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Lockdown has impeded basic learning: Abhijit Banerjee bats for Bengal schools' reopening

He also underscored the need to curtail the curriculum once the classes resume at the junior level and help children make up for the lost time.

Published: 09th February 2022 10:58 PM  |   Last Updated: 09th February 2022 10:58 PM   |  A+A-

Nobel Prize winner Abhijit Banerjee at a press conference in New Delhi

Nobel Prize winner Abhijit Banerjee (Photo | Shekhar Yadav, EPS)

By PTI

KOLKATA: Nobel laureate Abhijit Vinayak Banerjee on Wednesday said the lockdown has impeded the basic learning of students and schools in West Bengal should reopen as soon as possible in view of the present COVID situation.

He also underscored the need to curtail the curriculum once the classes resume at the junior level and help children make up for the lost time.

The economist, who heads the Global Advisory Committee formed by the West Bengal government to combat the COVID situation, was taking part in a programme in which the Annual Status Report of Education (ASER) of December 2021 was launched.

The survey for it was carried out among 11,189 students in 17 districts of Bengal by Pratham Education Foundation and Liver Foundation, which jointly hosted the launch of the report launch here.

"All school campuses in Bengal should be opened as early as possible as the COVID-19 situation has improved and everyone is in its favour," Banerjee said.

The state government, he said, has already started offline classes in campuses in a phased manner.

"The board (Global Advisory panel) has no doubt on the reopening of the schools . I think soon everything will be opened. We must also take note of the issue of vaccinating 15-18 year olds," he added.

Banerjee, who is currently the Ford Foundation International Professor of Economics at Massachusetts Institute of Technology, said that given the situation teachers must not insist on completing the syllabus.

"Teaching should be done in a graded manner at this juncture. They must remember a student promoted to class seven possesses knowledge upto the fifth standard. To save the future of a generation despite COVID setbacks we must allow them to learn how much they can take now - simple, specific lessons," he said.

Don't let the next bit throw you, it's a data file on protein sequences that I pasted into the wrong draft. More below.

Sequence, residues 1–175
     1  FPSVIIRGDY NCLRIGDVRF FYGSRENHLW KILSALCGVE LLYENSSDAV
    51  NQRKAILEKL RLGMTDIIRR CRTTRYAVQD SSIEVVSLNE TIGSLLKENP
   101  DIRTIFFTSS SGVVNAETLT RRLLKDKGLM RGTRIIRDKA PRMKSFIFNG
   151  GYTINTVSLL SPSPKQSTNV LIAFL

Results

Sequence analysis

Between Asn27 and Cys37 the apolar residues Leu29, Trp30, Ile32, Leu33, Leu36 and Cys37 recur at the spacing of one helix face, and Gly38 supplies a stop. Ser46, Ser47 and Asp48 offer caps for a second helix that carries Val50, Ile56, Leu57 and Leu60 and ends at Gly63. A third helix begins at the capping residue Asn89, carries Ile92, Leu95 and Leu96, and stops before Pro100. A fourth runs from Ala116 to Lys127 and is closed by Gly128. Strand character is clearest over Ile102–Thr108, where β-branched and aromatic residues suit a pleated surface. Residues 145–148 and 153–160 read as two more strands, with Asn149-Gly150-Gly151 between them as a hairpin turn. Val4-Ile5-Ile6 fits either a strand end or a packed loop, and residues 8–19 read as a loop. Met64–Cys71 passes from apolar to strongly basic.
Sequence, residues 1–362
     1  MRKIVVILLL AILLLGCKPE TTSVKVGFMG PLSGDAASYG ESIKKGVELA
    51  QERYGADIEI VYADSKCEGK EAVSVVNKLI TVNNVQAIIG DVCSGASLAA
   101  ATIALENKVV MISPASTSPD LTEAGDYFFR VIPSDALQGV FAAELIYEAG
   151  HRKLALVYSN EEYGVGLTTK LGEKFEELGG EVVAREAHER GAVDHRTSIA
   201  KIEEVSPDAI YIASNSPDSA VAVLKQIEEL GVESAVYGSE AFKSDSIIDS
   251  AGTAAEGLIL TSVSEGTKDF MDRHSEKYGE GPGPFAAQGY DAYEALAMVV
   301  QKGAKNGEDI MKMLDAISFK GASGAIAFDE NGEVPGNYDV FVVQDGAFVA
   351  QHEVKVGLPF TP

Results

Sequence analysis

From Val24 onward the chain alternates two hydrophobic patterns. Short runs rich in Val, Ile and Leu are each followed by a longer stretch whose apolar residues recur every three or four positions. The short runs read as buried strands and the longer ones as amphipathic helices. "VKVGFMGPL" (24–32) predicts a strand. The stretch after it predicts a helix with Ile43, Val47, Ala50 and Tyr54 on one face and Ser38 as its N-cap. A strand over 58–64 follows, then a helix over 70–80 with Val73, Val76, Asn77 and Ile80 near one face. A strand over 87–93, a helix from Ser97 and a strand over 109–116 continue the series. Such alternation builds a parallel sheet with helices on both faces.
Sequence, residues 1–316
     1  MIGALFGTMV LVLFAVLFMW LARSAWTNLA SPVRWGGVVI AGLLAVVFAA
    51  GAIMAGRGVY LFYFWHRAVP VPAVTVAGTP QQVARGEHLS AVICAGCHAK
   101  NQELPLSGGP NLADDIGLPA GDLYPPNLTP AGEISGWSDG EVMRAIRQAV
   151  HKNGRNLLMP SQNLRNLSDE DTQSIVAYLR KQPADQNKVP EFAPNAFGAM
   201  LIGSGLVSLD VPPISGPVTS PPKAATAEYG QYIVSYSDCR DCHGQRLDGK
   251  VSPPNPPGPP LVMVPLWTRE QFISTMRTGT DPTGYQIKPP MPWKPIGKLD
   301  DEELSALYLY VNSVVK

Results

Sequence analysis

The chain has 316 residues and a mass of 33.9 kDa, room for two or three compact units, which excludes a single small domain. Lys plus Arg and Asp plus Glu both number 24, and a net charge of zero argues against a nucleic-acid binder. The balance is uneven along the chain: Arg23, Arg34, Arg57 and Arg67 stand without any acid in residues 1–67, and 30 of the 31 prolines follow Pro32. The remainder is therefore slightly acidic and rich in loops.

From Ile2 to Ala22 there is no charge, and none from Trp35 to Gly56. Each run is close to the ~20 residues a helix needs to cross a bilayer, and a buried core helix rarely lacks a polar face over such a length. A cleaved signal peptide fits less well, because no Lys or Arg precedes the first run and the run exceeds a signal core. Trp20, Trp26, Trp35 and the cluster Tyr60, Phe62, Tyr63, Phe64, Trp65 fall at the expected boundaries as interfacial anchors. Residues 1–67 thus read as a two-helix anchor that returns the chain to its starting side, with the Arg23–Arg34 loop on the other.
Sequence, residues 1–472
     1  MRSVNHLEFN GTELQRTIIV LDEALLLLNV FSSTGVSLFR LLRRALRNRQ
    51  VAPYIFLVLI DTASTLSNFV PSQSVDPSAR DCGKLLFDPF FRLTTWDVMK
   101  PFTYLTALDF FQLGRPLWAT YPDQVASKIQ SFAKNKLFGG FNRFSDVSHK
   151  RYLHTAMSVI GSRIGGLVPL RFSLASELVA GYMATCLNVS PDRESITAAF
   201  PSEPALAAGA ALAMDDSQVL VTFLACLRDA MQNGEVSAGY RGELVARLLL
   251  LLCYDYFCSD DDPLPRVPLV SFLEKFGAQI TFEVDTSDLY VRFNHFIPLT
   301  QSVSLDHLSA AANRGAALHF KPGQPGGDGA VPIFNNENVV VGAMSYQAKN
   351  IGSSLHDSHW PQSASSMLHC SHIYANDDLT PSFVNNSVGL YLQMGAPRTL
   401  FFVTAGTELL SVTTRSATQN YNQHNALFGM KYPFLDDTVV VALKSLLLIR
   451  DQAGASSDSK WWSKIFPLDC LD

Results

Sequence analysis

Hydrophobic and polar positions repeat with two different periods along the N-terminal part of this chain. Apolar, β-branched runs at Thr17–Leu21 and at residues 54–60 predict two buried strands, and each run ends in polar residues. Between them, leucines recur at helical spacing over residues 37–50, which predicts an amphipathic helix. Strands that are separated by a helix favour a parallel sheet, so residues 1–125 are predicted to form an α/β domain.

Elaborating, he said when schools reopen students who are trailing should be immediately identified and teachers should start from where they can fathom, comprehend and relate after the long lockdown gap.

Once the students grasp the subject in three to four months' time, they can then be introduced to newer topics, he said.

In normal times too a student who lags behind others in his class work finds it is difficult to catch up - more so if he is a first generation learner and cannot get help from his parents.

This situation changes if he is gets the attention of the teacher, who faces the dilemma of either giving attention to other students who have moved forward or those trailing.

COVID has aggravated this problem manifold, he said.

To a question on how TV and radio can be of help in facilitating education of children in the COVID situation, he said the media can be used extensively for imparting education if teaching is ensured at the right level in well designed audio visual programmes.

"On principle such media can be useful but that depends on the content," he said.

Banerjee said ASAR has played a major role since 2005 in evaluating the methodology of basic education imparted to children.

While students in higher classes have board exams to assess their academic progress, ASAR was the first to introduce the community based survey of basic learning in each district of the country.

According to the survey by the two Foundations 27.7 per cent of students in class three could read contents of class two level compared to 36.6 per cent in 2018 and 32.9 per cent in 2014.

The pandemic while not impacting the enrollment of students has severely dented their reading and learning, the study indicated.

The situation was more acute for students of classes one and two who could not go to the Anganwadi centres due to overcrowding, the Nobel laureate added.



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